Pinto’s Cousin: 1977 Mercury Bobcat Villager

Ford joined the subcompact car movement in 1971 with the Pinto, which would go on to sell three million copies in 10 years. I’m betting that Mercury didn’t plan to enter that market until the OPEC oil embargo in 1973 changed the landscape. So, in 1975, enter the Bobcat, a rebadged Pinto with some slightly different sheet metal up front and nicer living quarters. They sold in far fewer numbers than the Pinto, but since higher fuel prices stuck through the balance of the decade, the Bobcat did as well, at least until 1979. This wagon version has had some restoration work done after being idle for 25 years. From Escanaba, Wisconsin, this sharp-looking runabout is available here on craigslist for $10,000. Hats off to Rocco B. for the tip!

Whereas the Pinto came in three body styles, the Bobcat settled for two, a 3-door hatchback and a station wagon with the same number of entry points. The Bobcat didn’t offer a lot more than you could get with a Pinto and the Mercury name probably added a few dollars. Likely, the Bobcat competed more with its corporate cousin than the competition, like the Chevy Vega and (later) Chevy Chevette.

As the Pinto evolved, so did the Bobcat. Like receiving a DuraSpark ignition in 1977 that offered a higher voltage. Both a 2.3-liter inline-4 and a 2.8-liter V6 were available in the Bobcat, with the seller’s car having the former with an automatic transmission (after all, this is a Villager, the fancier model wagon). Mercury would deliver 23,400 Bobcats in 1977, small by comparison to the 205,000 Pinto’s that Ford sold.

This Bobcat was put into storage in 1997 and supposedly stayed there until recently. At 22,000 miles (or 122,000?), its revival included new paint, headliner, carpeting, brakes, fuel lines, carburetor, and a refurbished gas tank. We wonder if when the paint was reapplied there previously was fake woodgrain paneling on the sides since this is a Villager (aka Country Squire). It looks like a nice little wagon where the asking price will enable the seller to recoup some of the restoration costs.


  1. Bluetec320 Bluetec320 Member

    I like the blue wood treatment, but 10K is just ridiculous for this. When is this crazy bubble going to break??

    Like 19
    • nycbjr Member

      I think this is a case of “honey I listed it, but no one will bite” listing… 10k is very “aspirational”!

      Like 15
    • Troy

      Its already starting to, it will take longer to pass down to the older cars but banks are already sitting on thousands of repossessed cars that people overpaid for during Covid

      Like 5
      • BlackTa

        Storage lots are full of RV’s and boats. Wait till those start going up for sale for bargain prices…

        Like 1
  2. Bob_in_TN Bob_in_TN Member

    This could be a fairly nice Bobcat, but one can’t really tell much from the four pics and the short description, though the seller does say they can supply more pics.

    Like 6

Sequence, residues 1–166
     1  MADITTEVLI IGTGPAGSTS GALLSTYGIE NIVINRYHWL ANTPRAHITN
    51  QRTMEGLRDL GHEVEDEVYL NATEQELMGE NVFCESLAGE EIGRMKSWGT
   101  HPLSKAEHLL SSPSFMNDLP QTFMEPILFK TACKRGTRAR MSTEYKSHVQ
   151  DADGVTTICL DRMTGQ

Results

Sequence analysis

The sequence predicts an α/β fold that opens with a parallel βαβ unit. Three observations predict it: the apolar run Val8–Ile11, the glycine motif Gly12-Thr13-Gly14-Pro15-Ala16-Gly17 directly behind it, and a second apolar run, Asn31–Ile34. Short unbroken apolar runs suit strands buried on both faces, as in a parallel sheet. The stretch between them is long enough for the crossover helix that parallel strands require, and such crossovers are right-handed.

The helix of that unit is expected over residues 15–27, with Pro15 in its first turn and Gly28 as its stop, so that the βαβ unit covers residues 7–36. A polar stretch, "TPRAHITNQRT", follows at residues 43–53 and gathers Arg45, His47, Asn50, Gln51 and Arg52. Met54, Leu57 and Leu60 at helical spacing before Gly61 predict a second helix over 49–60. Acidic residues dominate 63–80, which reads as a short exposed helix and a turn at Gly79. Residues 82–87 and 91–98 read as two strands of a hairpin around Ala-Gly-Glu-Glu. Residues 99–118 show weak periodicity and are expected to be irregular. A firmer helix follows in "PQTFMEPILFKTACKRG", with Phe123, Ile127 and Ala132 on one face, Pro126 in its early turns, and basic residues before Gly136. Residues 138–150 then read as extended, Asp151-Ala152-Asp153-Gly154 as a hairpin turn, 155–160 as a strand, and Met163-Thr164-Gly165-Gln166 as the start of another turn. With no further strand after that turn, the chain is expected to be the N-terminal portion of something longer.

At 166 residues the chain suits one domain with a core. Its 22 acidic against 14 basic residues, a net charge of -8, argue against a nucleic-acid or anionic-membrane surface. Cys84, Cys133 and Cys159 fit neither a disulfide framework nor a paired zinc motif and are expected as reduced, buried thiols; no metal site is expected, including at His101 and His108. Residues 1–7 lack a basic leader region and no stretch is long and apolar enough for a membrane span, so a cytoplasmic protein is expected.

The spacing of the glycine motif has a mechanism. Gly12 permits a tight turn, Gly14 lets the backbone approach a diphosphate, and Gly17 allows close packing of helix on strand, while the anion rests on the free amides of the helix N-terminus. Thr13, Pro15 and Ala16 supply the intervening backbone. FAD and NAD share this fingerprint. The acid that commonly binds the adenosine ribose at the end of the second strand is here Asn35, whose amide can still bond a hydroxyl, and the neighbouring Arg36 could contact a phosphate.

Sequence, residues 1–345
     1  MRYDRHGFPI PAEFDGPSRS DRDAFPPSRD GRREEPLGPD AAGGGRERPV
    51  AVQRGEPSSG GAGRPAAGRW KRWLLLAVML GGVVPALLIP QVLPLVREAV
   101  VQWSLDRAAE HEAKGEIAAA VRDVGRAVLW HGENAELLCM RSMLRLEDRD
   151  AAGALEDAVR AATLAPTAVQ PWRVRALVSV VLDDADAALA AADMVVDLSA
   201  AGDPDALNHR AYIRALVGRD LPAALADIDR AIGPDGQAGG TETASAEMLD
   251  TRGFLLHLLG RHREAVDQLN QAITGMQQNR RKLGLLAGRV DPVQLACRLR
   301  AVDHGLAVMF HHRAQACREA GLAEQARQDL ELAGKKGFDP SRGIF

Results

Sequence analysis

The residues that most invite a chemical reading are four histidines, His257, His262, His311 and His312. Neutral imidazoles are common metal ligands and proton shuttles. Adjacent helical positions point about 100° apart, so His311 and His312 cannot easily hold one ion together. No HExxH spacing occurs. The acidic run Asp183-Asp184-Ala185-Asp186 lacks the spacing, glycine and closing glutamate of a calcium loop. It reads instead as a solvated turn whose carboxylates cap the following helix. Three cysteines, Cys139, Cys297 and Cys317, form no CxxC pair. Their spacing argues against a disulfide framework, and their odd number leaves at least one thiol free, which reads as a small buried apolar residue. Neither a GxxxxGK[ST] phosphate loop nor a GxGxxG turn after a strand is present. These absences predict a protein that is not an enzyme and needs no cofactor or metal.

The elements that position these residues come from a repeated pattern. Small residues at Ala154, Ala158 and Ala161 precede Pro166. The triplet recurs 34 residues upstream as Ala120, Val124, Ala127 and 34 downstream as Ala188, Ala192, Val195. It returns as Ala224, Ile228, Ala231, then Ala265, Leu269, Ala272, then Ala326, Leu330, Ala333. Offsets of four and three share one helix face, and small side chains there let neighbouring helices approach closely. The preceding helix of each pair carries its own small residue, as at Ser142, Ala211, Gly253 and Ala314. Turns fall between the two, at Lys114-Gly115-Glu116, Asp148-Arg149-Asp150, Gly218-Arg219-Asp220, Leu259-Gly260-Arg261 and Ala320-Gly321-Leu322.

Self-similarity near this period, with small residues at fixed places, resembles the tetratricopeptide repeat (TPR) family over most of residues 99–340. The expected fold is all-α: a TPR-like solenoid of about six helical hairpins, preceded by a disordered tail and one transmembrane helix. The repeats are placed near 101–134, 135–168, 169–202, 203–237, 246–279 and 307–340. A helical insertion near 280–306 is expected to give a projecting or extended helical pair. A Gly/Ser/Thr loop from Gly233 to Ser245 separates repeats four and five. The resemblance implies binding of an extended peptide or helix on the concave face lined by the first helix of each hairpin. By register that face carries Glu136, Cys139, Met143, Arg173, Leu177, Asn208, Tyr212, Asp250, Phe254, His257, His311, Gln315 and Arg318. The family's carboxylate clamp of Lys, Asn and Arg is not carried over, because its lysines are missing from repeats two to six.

3. Cadmanls Member

    Where are these pristine economy cars coming from? Now these were built cheap and meant to be used up and 10 K what is happening! This the grays testing us or the lizard people? I can’t take it!!

    Like 6
  4. Harvey Member

    This needs a tire mounted to the hatch to complete the continental kit look.

    Like 3
    • Joe


      Like 2
  5. Big C

    That is one funky paint job. If it’s a true 22k mile car? I’d give them $5000.

    Like 2
  6. Troy

    Is it just me or does it look like they brush painted over the wood grain sticker then shot it with clear coat

    Like 4
    • Steve RM

      I don’t know how it was. Nor do I want to. That blue “woodgrain” is just a terrible idea.

      Like 3
      • Ferenczy

        I like it – it’s different and goes with the blue interior. I always wondered how a bowling ball crinkle paint job would look.

        Like 1
  7. Tony Primo

    I bet that a lot of the commentators here have never owned a hobby car. There are still many expenses like an everyday vehicle. This wagon is 45 years old. A battery every 5 years equals 9 batteries. At least 45 oil changes. Brakes, tires, insurance and storage. If you don’t run them regularly they seize up. If this seller is asking 10 grand, good for him. It’s not like you can go down to your used car lot and find a bunch of Bobcats to compare it to. He will get what the market feels that it’s worth. Why should he give it away for any less?

    Like 5
    • Big C

      I’ve owned a few. Own two now. It’s still a $5000 car.

      Like 2
  8. jwaltb

    No exploding gas tanks with that rear bumper! The offending car would never get close enough.

  9. Joe Thompson

    Haha! Escanaba, WI! 298,000 Yoopers are yelling right now. Cool wagon tho.

  10. Christopher Gentry

    Wagons never exploded , unless you but enough bottle rockets in it

    Like 2
  11. Christopher Gentry

    Oh on the blue “wood” I think they true did paint it with a brush. Reminds me something I’ve seen on my wife’s home decorating shows , I think it’s called a pickled finish. I totally get that the fake wood was sure faded and or scraped up over the years. This was a inventive way to deal with that , but…. Having said that I don’t care for pickled furniture , like it even less on a car. Otherwise I like it. Can reproduction wood trim be had for these ??

    Like 3
  12. Steve Clinton

    My first reaction was “EWW!” but that color scheme has actually grown on me.

  13. Christopher Gentry

    Haha. I have seen worse.

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